Private detective Cork O’Connor finds himself sitting in the shadow of a towering monolith known as Trickster’s Point, deep in the Minnesota wilderness. With him is the first Native American elected governor of Minnesota, Jubal Little, who is slowly dying with an arrow through his heart. Although the men have been bow-hunting, a long-standing tradition among these two friends, this is no hunting accident, and what only Cork knows is that the dying man was quite capable of murder himself.
Coincidentally, the arrow turns out to be one of Cork’s and he becomes the primary suspect in the murder. Of course Cork understands his been set up and, over the course of the novel, works to clear his name and track the real killer. As a result, he recalls his long, complex relationship with the neighborhood kid who became a populist politician.
Full of nail-biting suspense, Trickster’s Point offers a further look into Cork’s past, as well as an exploration of the motives, both good and ill, that lead men and women into the difficult, sometimes deadly, political arena.
William Kent Krueger is the award-winning author of ten previous Cork O’Connor novels, including the New York Times bestsellers Vermilion Drift and Northwest Angle. He lives in St. Paul, Minnesota, with his family.
Off the Grid
“In the fifth Monkeewrench novel, the mother-daughter team of P.J. and Traci Lambrecht really hits its stride: achilling premise; a supremely appealing cast of evolving characters; and dialogue that is brisk, witty, and authentic. Humor and humanity mix in this top-notch mystery, the best in the series.”
—Booklist (Starred) on Shoot to Thrill
On a sailboat ten miles off the Florida coast, Grace MacBride, partner in Monkeewrench Software, thwarts an assassination attempt on retired FBI agent John Smith. A few hours later, in Minneapolis, a fifteen-year-old girl is discovered in a vacant lot, her throat slashed. Later that day, two young men are found in their home a few blocks away, killed execution-style. The next morning, the dead bodies of three more men turn up, savagely murdered in the same neighborhood.
As Minneapolis homicide detectives Leo Magozzi and Gino Rolseth struggle to link the three crimes, they learn that there have been similar murders in other cities around the United States. Piece by piece, evidence accumulates, pointing to a suspect that shocks them to the core, uncovering a motive that puts the entire Midwest on high alert and Monkeewrench in the direct line of fire. Before it’s all over, Grace and her partners, Annie, Roadrunner, and Harley Davidson, find themselves in the middle of a shocking collision of violence on a remote northern Minnesota reservation, fighting for their lives.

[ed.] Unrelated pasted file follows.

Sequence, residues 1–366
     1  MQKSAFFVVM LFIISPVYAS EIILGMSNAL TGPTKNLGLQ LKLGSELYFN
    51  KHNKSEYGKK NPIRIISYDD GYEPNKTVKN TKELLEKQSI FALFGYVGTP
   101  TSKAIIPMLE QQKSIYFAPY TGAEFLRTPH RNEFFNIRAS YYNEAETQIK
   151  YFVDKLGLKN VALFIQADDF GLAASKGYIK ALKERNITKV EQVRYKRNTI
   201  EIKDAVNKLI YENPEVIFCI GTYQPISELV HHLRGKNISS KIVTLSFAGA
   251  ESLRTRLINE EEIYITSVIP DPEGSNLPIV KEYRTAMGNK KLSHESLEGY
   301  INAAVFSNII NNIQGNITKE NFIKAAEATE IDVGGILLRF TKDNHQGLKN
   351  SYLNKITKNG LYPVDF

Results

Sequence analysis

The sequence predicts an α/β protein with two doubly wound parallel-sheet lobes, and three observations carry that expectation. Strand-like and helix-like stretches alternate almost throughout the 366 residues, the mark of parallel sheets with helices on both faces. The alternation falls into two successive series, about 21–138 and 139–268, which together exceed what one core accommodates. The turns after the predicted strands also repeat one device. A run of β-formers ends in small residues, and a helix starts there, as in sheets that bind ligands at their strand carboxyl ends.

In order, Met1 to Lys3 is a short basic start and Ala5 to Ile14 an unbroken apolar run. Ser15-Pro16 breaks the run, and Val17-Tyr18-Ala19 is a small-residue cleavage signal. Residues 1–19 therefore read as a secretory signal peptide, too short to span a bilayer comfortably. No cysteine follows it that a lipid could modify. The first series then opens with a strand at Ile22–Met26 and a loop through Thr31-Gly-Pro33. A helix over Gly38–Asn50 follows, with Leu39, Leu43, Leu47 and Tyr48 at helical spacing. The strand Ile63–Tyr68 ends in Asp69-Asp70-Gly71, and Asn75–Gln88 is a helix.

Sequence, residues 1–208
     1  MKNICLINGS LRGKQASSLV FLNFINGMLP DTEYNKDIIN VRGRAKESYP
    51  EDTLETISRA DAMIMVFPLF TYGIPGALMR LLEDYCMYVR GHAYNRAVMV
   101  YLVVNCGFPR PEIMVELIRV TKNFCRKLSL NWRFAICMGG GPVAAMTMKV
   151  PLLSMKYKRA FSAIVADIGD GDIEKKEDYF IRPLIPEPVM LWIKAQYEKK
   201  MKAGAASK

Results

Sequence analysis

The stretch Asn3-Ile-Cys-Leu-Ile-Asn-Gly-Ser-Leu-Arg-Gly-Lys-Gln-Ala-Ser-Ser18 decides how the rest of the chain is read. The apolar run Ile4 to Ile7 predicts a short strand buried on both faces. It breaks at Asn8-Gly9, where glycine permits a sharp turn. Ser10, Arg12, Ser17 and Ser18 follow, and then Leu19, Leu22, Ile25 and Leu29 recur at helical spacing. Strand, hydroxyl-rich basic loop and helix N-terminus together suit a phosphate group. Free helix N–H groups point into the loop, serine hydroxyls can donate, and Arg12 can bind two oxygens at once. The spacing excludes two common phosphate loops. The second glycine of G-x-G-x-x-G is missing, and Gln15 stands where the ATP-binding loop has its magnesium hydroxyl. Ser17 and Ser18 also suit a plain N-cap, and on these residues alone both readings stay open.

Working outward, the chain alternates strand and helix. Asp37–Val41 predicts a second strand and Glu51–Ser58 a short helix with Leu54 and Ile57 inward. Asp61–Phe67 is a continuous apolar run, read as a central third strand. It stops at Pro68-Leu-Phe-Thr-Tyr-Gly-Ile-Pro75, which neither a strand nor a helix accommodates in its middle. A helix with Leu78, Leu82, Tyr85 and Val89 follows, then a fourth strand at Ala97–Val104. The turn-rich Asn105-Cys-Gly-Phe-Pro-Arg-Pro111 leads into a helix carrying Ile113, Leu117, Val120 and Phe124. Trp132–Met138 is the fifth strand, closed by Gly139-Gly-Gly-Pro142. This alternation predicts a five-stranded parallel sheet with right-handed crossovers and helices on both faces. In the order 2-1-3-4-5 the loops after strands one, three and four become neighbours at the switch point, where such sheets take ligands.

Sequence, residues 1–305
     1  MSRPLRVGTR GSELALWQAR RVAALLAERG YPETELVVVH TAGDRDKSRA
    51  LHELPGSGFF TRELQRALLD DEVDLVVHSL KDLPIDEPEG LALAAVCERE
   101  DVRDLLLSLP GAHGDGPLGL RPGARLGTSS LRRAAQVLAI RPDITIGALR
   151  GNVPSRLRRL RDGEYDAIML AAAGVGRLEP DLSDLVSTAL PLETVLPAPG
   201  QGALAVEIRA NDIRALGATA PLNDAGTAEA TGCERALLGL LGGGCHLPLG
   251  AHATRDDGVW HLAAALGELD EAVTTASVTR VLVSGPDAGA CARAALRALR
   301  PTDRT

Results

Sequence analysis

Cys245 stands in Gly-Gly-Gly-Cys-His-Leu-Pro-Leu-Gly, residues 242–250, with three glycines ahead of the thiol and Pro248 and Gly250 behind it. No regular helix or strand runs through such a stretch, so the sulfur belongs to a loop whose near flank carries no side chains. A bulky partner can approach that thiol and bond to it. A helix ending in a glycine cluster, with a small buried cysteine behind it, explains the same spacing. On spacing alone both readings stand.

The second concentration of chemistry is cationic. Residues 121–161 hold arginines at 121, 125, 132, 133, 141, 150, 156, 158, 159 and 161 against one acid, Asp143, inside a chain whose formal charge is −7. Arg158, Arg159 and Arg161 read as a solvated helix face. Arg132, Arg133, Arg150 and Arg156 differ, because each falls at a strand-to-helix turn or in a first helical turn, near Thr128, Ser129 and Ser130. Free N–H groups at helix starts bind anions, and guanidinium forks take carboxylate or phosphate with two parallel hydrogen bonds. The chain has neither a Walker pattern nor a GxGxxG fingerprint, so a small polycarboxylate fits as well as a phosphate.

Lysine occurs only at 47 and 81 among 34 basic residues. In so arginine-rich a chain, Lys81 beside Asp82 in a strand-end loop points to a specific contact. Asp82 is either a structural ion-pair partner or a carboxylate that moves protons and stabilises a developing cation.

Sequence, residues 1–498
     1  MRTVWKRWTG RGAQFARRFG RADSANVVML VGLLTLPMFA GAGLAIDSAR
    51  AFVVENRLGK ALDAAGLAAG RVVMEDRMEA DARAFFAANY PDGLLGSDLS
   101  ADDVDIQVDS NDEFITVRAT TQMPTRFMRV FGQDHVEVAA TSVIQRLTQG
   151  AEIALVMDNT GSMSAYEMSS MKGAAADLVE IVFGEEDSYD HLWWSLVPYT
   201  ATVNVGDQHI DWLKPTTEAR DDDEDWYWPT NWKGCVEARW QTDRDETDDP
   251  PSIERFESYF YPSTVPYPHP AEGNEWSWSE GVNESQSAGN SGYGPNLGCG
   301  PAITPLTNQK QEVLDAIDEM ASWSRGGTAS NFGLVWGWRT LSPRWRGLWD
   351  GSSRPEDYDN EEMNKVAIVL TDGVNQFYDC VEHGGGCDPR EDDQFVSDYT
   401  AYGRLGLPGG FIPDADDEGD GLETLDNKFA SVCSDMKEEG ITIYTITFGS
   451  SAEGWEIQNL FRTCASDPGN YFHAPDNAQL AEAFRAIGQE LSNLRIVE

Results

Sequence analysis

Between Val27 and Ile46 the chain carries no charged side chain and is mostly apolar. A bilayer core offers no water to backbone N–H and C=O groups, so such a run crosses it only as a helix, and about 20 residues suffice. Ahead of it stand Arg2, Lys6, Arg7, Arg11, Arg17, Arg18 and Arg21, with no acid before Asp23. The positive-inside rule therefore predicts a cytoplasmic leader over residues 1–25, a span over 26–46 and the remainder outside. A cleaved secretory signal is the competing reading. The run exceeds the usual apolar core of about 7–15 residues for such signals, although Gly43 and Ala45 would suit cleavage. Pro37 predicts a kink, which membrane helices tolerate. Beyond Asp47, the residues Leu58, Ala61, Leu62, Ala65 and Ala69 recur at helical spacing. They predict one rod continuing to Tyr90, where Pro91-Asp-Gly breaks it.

PJ Tracy is the pseudonym of mother-daughter writing duo P.J. and Traci Lambrecht, winners of the Anthony, Barry, Gumshoe, and Minnesota Book Awards. Their novels, MONKEEWRENCH, LIVE BAIT, DEAD RUN, SNOW BLIND, and SHOOT TO THRILL are national and international bestsellers.
“Remember Witness—that truly thrilling movie with Harrison Ford in his heyday? Shunning Sarah is an even better suspense story filled with horse-driven buggies and folks in black hats.” —James Patterson
“Shunning Sarah is a compelling novel chock full of all the elements readers of crime fiction crave—a heinous unsolved crime, a complex storyline with the depth we’ve come to expect from Kramer and a heroine you will find yourself cheering on from the top of your lungs. Riley Spartz is a very human heroine—and a force to be reckoned with. You will remember her and this story long after you have finished the book—and anxiously await the next installment.” —Linda Castillo
Shunning Sarah is the next book in Julie Kramer’s bestselling series about TV reporter Riley Spartz.
Minneapolis’s star investigative reporter Riley Spartz is constantly in search of her next TV sweeps piece. When she hears that a young boy is trapped at the bottom of a sink hole, she smells ratings. Little does she know just how big the story will be—not only does it involve a tragic murder, but the local Amish community also. Once Riley is on the case, she quickly realizes solving it will be anything but easy.
Julie Kramer is a freelance network news producer. She formerly ran WCCO-TV’s nationally award-winning investigative unit in Minneapolis. Her debut thriller, Stalking Susan, won the Minnesota Book Award and the RT Reviewers’ Choice Award for Best First Mystery, was a finalist for the Mary Higgins Clark Awards, and is also a finalist for the Anthony Award. She lives with her family in White Bear Lake, Minnesota.